SITKA, ALASKA Researchers looking for evidence of early human migration along Alaska’s Southeastern coast probably have been looking in the wrong place.
Recent geological studies suggest that the islands, coves, and beaches that later became home to contemporary Native cultures, likely did not exist when the forebears of those cultures first moved into North America from Asia, around 30-thousand years ago.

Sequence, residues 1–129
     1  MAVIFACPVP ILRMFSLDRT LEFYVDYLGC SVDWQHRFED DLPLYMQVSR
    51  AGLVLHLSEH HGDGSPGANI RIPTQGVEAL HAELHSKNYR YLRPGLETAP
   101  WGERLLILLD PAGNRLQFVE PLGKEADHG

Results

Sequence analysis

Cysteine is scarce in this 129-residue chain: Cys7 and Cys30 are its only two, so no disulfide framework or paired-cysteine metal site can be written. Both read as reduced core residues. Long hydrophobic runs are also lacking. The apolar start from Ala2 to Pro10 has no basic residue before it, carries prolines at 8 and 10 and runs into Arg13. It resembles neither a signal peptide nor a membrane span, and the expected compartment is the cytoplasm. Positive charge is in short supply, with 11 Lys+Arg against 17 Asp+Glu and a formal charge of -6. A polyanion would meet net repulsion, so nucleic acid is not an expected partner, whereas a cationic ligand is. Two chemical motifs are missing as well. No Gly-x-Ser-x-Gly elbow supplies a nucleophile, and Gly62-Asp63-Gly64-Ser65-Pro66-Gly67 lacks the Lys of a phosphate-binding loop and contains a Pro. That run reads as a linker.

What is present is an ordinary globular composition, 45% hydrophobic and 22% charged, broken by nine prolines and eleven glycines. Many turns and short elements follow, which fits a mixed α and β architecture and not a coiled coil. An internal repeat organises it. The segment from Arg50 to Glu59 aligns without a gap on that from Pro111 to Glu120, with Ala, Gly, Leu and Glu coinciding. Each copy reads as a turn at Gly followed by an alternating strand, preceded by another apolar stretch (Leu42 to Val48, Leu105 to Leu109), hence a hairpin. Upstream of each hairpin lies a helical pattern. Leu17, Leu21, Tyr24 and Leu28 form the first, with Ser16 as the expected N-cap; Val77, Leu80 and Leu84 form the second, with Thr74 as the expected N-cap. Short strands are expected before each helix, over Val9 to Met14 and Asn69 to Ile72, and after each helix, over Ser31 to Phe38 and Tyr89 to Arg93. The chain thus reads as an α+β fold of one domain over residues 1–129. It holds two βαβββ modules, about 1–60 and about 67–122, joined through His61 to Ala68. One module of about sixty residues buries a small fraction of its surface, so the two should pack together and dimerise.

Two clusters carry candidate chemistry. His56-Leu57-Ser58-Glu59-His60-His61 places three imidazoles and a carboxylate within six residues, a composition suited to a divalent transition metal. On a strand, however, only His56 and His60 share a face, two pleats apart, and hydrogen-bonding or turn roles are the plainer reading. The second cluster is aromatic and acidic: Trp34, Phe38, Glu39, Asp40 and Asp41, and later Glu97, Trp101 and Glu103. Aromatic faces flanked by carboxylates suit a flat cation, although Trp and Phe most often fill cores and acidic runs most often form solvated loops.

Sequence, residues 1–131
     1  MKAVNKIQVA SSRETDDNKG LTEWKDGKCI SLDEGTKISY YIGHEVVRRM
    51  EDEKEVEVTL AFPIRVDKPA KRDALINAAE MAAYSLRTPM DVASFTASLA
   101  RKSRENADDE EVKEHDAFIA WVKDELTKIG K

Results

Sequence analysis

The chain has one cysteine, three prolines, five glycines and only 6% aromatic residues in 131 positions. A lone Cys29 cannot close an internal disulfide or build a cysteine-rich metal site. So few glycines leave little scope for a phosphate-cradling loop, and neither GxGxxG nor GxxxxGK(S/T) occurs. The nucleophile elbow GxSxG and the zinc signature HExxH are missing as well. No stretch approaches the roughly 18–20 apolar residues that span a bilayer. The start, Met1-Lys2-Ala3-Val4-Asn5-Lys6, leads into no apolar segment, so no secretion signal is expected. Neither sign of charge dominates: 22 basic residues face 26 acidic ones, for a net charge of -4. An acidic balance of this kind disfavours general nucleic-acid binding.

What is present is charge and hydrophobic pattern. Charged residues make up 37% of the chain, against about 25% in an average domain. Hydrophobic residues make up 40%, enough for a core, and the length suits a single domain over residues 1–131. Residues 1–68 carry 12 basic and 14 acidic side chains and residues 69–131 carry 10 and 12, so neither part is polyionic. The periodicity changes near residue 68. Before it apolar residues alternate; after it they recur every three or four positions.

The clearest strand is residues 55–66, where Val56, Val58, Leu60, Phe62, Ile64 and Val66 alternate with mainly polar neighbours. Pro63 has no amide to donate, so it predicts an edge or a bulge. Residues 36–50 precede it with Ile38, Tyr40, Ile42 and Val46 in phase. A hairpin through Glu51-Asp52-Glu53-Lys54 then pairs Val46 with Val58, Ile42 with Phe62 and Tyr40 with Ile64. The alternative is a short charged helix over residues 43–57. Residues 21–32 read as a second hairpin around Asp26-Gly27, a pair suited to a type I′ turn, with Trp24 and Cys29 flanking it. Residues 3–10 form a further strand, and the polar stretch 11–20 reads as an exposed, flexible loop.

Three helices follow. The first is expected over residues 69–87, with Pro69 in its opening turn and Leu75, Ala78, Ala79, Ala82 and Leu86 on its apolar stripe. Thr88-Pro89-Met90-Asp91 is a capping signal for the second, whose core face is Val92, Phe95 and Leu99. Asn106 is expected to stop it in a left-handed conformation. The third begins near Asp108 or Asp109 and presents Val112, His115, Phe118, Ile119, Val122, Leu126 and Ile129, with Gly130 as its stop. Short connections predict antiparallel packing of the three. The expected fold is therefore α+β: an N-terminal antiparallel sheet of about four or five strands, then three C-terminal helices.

At the annual Paths Across the Pacific Conference held last month in Sitka, scholars considered how deposits of seashells – sometimes found high in the mountains of Southeast – provide clues to an ancient shoreline that may have been the home of the first Americans.
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